A highly readable, enjoyable account of one man's year serving as a doctor at Halley Research Station, the British Antarctic Survey's base on the Brunt Ice Shelf. Francis (True North: Travels in Arctic Europe, 2009) was looking for space, solitude and silence--and a chance to get close to emperor penguins--when he signed on with the survey's medical unit. His job taking care of the men and women on the isolated base was undemanding, giving him time to read, gaze out his window, ski around the base, and help other crew members with their daily chores of keeping the base and its equipment operational and monitoring its research projects. Francis fills his account with many stories of early polar explorers and their ordeals in bitter weather and isolation, lacking as they did the benefits of modern technology that keep today's polar crews in relative comfort and safety. A keen observer of his surroundings, the author writes vividly of auroras, clouds, stars, sunlight, darkness, ice and snow. Who but a doctor would describe a patch of pink-stained snow as "melting down like gently deflating lungs"? Francis is focused not on his companions but on what lies outside their shelter; although he profiles them briefly, readers do not get to know them well. The author makes clear that, on the base, rules of conduct are enforced, and there are a few hints of strife: He smuggled penguin eggs inside the base but was forced to get rid of them, and he was not allowed to dissect an adult bird. In one chapter, Francis discusses the psychological effects of isolated confinement; at the end of his year, his pleasure at his release into a green and fragrant world is clear. What gets surprisingly short shrift here is the emperor penguin, featured in the subtitle but out of reach for much of the author's stay in Antarctica. A literate, stylish memoir of personal adventure rich in history, geography and science.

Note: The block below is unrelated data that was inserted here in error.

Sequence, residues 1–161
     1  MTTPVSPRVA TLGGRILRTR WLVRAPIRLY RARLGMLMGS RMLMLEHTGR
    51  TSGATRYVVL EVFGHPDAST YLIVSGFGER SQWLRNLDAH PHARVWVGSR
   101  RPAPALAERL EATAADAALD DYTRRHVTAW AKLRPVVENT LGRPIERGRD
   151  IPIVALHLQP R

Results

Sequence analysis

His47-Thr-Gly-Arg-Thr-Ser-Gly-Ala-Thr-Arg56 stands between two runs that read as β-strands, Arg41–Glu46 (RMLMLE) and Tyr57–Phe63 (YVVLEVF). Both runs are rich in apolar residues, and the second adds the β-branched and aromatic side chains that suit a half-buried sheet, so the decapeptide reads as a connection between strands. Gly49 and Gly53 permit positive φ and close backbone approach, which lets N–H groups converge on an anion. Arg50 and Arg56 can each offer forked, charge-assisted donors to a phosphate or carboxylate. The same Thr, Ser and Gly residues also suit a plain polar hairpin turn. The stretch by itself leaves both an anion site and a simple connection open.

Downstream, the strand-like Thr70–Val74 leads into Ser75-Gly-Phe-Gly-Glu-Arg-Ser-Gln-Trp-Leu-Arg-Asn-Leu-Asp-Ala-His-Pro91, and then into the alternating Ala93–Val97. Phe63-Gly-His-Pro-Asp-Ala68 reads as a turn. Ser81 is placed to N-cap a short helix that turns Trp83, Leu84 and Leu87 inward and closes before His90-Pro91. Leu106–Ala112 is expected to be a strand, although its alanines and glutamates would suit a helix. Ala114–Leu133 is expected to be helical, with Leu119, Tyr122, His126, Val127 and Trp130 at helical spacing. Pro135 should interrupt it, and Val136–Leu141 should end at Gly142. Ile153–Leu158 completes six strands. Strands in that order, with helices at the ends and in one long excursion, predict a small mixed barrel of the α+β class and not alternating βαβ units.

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Product Details

  • ISBN-13: 9781619021846
  • Publisher: Counterpoint Press
  • Publication date: 10/15/2013
  • Pages: 304
  • Sales rank: 779,128
  • Product dimensions: 9.26 (w) x 6.44 (h) x 0.92 (d)

Meet the Author


Gavin Francis was born in 1975 and brought up in Fife, Scotland. After qualifying from medical school in Edinburgh he spent ten years traveling, visiting all seven continents. He has worked in Africa and India, made several trips to the Artic, and crossed Eurasia and Australia by motorcycle. His first book, True North was published in 2008. He has lectured at the Scott Polar Research Institute in Cambridge and the Edinburgh Book Festival, and is a regular speaker at the Royal Scottish Geographical Society. He lives in Edinburgh.
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Sort by: Showing 1 Customer Reviews
  • Posted November 22, 2013

    Great Read

    This was a one day read and every moment was worth it. The author's writing style was easy reading and entertaining. One could feel the isolation, the beauty of a place most of us will never visit.